Open Access

Experience in the treatment of pulmonary nocardiosis: A report of a fatal case

  • Authors:
    • Yuhong Li
    • Hong Liu
    • Youlu Shen
  • View Affiliations

  • Published online on: April 27, 2021
  • Article Number: 33
  • Copyright : © Li et al. This is an open access article distributed under the terms of Creative Commons Attribution License [CC BY 4.0].

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Pulmonary nocardiosis is an opportunistic infection that is commonly observed in immunocompromised individuals and in those with chronic disease. The present study reports the case of a female patient who was diagnosed with an intermuscular abscess in the left leg and with pulmonary nocardiosis. The patient had a 20-year history of the use of paracetamol and codeine phosphate drugs for the alleviation of headaches. The patient was treated with linezolid and trimethoprim-sulfamethoxazole (TMP-SMX). The symptoms of the patient improved and the patient was discharged 14 days later. The drug was discontinued spontaneously following discharge and the patient then passed away two months later. On the whole, the present study highlights the importance of the early diagnosis and standard treatment for pulmonary nocardiosis.


Nocardia is a genus of bacteria that can cause a wide variety of opportunistic infections, ranging from localized cutaneous and pulmonary infections to deep-seated and disseminated infections in immunosuppressed patients (1,2). However, to date, at least to the best of our knowledge, there is no published report of infections caused by paracetamol and codeine phosphate. The present study describes the case of a female patient diagnosed and treated for pulmonary nocardiosis, who eventually succumbed to the disease. The experience encountered with the patient in question and the knowledge acquired from the case are also discussed.

Case report

A 77-year-old woman was admitted to Haidong Municipal Hospital (Pingan, Qinghai) with complaints of leg swelling and pain for one month, and a fever and cough for 10 days. Ceftazidime and metronidazole injection were administered and the symptoms improved after one week. Treatment was thus suspended for 10 days. However, the patient developed a fever, and suffered from chills and a cough, with a body temperature of >39˚C. The sputum of the patient was yellow and purulent. She had no history of smoking, hypertension, diabetes or any other immune-related diseases. However, the patient had been using paracetamol and codeine phosphate at a daily dose of 4-8 pills (each tablet contains 500 mg of acetaminophen and 8.4 mg of codeine phosphate) over the past 20 years for the alleviation of headaches.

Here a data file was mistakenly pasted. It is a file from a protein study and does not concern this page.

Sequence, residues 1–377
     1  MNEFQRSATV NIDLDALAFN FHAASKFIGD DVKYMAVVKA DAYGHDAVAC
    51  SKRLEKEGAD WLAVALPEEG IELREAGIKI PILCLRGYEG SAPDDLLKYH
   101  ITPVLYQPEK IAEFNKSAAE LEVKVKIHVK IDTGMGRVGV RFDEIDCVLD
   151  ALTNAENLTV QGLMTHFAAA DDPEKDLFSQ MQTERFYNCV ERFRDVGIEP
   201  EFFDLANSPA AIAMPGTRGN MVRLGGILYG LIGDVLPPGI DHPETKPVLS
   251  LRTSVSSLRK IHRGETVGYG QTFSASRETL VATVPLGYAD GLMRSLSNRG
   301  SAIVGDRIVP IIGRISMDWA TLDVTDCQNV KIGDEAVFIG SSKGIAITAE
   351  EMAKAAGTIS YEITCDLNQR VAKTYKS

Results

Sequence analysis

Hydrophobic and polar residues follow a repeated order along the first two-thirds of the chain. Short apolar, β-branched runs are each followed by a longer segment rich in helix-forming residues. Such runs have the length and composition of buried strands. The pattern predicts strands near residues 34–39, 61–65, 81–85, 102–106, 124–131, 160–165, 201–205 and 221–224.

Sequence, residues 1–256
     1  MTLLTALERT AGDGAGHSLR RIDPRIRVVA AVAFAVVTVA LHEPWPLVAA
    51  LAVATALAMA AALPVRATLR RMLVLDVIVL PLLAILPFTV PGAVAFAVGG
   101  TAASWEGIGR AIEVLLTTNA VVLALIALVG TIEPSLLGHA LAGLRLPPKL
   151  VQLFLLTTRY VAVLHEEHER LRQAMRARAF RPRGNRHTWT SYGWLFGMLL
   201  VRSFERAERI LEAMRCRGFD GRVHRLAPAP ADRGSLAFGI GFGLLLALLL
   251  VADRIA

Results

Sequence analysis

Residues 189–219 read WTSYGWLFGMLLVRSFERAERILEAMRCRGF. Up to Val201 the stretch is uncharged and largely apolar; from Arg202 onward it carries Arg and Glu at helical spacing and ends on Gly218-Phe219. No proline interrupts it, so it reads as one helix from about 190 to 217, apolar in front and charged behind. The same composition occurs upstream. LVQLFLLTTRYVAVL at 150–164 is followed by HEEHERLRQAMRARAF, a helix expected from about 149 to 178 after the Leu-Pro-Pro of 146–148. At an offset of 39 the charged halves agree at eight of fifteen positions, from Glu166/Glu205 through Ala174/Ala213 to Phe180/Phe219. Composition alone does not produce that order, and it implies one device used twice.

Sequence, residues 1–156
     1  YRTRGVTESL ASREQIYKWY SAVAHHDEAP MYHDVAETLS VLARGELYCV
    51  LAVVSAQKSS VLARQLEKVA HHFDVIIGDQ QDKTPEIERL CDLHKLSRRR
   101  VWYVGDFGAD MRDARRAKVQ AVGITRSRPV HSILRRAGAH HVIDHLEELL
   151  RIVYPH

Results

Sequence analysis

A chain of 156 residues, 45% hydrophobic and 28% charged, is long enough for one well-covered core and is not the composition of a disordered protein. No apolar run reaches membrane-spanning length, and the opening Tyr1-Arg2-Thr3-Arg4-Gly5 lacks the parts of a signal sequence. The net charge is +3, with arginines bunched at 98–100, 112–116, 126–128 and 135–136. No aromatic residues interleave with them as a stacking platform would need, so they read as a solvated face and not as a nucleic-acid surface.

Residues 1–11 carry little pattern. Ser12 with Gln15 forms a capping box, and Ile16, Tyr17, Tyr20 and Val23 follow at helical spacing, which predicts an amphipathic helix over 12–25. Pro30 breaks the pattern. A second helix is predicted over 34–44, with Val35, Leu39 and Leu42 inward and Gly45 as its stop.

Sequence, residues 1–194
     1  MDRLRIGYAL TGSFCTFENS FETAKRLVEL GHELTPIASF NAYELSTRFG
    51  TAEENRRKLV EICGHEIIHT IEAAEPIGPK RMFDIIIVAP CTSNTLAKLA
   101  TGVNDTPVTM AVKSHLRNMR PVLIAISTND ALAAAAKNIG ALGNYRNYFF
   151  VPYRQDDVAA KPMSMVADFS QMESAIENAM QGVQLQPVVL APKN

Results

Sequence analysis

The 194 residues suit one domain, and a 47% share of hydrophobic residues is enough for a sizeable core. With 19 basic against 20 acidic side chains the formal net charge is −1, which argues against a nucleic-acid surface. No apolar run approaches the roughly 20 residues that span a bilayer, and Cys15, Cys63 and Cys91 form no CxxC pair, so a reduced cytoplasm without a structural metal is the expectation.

A physical examination revealed a pulse rate of 102/min and a body temperature of 38.2˚C. Diffuse rales were heard throughout both lungs. Evident swelling was observed in the left leg with an increase in temperature. A laboratory examination revealed a white blood cell count of 11.46x109/l, a neutrophil ratio of 84%, an erythrocyte sedimentation rate of 90 mm/h, a C-reactive protein concentration of 120 mg/l and a procalcitonin concentration of 7.8 ng/ml. Nocardia was identified in the culture of the rinse solution from the left leg. A chest computed tomography (CT) scan revealed multiple irregular thick wall cavities along with the mass, patch, cords and nodular shadows at the beginning (Fig. 1A). The magnetic resonance imaging (MRI) of the left leg revealed an intermuscular abscess (Fig. 2).

The patient was treated with linezolid (0.6 g, every 12 h via intravenous drip) for 10 days at Qinghai University Affiliated Hospital (the patient had then been transferred to this hospital), and the symptoms significantly improved. The multiple irregular thick wall cavities were significantly absorbed, as revealed by a chest CT scan (Fig. 1B). After three days, the patient developed symptoms of right gum pain and swelling in the left leg again. Drainage was performed in the aching gum and intermuscular abscess, and Nocardia was identified in the culture of the rinse solution. Oral trimethoprim-sulfamethoxazole (TMP-SMX) was administered. The symptoms then disappeared and the patient was discharged 14 days later. The lesions had significantly shrunk in size, as shown by the chest CT scan (Fig. 1C); however, magnetic resonance spectroscopy of the left leg was not performed. Oral TMP-SMX treatment was terminated by the patient following discharge. The symptoms reappeared after 10 days, and the patient passed away two months later in a state of coma.